She shot to fame as the pouting, lip-and-spoon-licking domestic goddess with a love of food as rich as her second husband.
The epitome of the aproned domestic goddess, the Nigella mantra seemed to be; smother your plate with lashings of butter, olive oil and whipped cream and ensure all that comes out of your oven is golden and your entire life will be wonderful.
Then it backfired.
Everything in Nigella’s kitchen began to seem so sickly-sweet, it got nauseating. Even the most ardent fans started to bite back.
But it now appears things aren’t quite so peachy-pie (muscovado caramel-grilled, two good glugs of vanilla essence).
Pictures of her being gripped around the neck by her angry husband Charles Saatchi (in the garden of their favourite London restaurant, no less) have gone global.
That image of those big, melted chocolate eyes we know so well suddenly swimming with hurt has turned her from kitchen goddess to the unexpected face of domestic violence.
It’s changed our view of her completely; shocked us into a new sympathy for Nigella. Ah, we remember, now, that La Lawson has tasted sweet and sour. The child of a bitter divorce, she lost her mother to cancer at just 25, then 16 years later her first husband, journalist John Diamond succumbed to throat cancer, leaving her with two young children.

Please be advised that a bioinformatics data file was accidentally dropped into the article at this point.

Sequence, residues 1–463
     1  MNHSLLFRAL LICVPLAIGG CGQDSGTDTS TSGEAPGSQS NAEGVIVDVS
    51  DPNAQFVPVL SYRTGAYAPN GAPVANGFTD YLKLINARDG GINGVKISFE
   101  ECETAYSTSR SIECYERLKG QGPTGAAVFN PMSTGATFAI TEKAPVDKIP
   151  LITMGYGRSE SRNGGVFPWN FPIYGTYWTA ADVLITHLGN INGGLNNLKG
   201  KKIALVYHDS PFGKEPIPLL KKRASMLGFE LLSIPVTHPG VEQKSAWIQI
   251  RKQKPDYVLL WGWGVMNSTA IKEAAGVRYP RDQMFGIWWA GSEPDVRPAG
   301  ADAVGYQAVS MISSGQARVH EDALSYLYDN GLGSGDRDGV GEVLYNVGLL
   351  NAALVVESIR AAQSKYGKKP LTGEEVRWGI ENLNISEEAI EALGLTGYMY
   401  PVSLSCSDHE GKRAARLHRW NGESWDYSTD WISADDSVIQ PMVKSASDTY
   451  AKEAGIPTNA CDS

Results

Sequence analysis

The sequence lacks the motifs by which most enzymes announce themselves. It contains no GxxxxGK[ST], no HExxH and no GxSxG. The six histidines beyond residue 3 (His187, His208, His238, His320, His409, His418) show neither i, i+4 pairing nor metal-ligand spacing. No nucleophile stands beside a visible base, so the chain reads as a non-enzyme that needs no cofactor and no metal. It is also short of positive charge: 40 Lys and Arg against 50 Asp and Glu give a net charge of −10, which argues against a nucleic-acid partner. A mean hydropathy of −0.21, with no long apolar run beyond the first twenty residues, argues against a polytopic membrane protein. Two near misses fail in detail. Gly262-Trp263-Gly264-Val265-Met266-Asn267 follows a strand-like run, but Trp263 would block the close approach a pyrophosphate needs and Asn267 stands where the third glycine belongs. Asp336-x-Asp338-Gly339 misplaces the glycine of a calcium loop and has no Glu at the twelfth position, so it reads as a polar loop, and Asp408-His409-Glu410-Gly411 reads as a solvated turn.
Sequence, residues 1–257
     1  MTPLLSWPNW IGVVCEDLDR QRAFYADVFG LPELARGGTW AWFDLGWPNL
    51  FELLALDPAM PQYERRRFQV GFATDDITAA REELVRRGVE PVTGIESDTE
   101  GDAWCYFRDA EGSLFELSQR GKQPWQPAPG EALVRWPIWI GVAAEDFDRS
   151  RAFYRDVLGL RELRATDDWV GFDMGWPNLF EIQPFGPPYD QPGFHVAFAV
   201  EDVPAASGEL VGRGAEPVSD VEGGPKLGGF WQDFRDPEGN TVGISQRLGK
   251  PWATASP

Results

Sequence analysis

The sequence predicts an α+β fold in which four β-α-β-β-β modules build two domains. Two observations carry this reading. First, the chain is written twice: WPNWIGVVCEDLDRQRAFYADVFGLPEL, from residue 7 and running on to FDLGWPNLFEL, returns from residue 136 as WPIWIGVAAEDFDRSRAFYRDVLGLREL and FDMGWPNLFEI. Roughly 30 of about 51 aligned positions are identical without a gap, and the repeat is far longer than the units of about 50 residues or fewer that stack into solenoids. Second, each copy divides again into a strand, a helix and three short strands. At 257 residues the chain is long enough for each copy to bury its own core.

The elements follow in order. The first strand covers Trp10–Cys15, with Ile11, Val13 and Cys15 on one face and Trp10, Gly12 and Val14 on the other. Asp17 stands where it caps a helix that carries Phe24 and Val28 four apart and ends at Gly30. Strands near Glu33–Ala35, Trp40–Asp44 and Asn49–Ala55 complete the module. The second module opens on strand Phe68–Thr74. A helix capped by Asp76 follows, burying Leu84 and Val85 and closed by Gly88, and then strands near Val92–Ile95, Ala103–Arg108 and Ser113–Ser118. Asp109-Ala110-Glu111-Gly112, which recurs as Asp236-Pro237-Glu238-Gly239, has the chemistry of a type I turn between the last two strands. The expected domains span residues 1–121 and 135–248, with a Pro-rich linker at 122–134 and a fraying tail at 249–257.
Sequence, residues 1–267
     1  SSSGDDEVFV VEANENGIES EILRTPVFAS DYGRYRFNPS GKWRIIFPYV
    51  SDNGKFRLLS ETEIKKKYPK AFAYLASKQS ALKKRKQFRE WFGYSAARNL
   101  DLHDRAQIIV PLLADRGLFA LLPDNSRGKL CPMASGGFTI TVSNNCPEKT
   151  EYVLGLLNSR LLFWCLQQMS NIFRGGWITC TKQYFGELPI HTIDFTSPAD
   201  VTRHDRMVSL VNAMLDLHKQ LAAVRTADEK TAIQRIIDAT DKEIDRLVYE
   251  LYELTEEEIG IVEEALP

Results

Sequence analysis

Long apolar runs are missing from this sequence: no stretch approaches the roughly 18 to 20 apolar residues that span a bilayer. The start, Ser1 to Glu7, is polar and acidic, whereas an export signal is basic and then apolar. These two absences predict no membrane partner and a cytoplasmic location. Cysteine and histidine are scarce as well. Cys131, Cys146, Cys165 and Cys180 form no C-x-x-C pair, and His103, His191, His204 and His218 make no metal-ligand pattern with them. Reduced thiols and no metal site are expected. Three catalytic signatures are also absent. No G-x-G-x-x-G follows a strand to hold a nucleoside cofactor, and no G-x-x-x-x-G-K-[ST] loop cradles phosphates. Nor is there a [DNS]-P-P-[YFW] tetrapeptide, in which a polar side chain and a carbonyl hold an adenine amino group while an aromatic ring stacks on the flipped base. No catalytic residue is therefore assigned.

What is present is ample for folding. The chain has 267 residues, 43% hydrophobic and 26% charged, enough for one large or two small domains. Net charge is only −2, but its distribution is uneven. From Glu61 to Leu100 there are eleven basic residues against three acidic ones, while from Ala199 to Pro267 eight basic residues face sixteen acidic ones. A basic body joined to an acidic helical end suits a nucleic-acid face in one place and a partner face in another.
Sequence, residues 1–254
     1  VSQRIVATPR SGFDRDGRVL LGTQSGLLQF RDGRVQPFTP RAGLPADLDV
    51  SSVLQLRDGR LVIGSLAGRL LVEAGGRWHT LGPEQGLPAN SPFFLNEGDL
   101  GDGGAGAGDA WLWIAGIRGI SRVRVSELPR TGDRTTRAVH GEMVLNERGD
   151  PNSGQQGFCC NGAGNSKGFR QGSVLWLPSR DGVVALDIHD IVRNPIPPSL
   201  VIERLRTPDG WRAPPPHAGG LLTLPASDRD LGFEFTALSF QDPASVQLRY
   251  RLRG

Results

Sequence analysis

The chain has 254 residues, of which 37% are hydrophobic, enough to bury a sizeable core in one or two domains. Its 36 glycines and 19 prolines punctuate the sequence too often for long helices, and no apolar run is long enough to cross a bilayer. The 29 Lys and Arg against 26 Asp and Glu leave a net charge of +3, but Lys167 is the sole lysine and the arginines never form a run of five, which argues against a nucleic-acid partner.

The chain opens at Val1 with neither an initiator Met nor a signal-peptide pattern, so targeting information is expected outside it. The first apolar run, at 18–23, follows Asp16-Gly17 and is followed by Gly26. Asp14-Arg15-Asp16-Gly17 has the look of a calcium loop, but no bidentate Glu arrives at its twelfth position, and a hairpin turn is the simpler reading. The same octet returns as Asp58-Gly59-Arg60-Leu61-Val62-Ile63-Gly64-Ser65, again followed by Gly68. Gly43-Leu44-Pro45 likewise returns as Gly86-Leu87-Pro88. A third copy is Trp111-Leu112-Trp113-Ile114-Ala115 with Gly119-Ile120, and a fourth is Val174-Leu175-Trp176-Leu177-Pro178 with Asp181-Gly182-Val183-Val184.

It has also served up a smack-in-the-face reminder that many women’s lives are not what they seem on the outside. We don’t know what goes on behind closed doors, be they to a celebrity’s mansion, or a council semi.
Charles Saatchi is adamant it was merely an innocent tiff. He has accepted a caution from police for assaulting her, but is insistent no pressure was applied by his grip and that he took the legal caution to “draw a line” under the episode.
But something is clearly amiss; no man should grip someone around the neck in an argument, least of all his wife.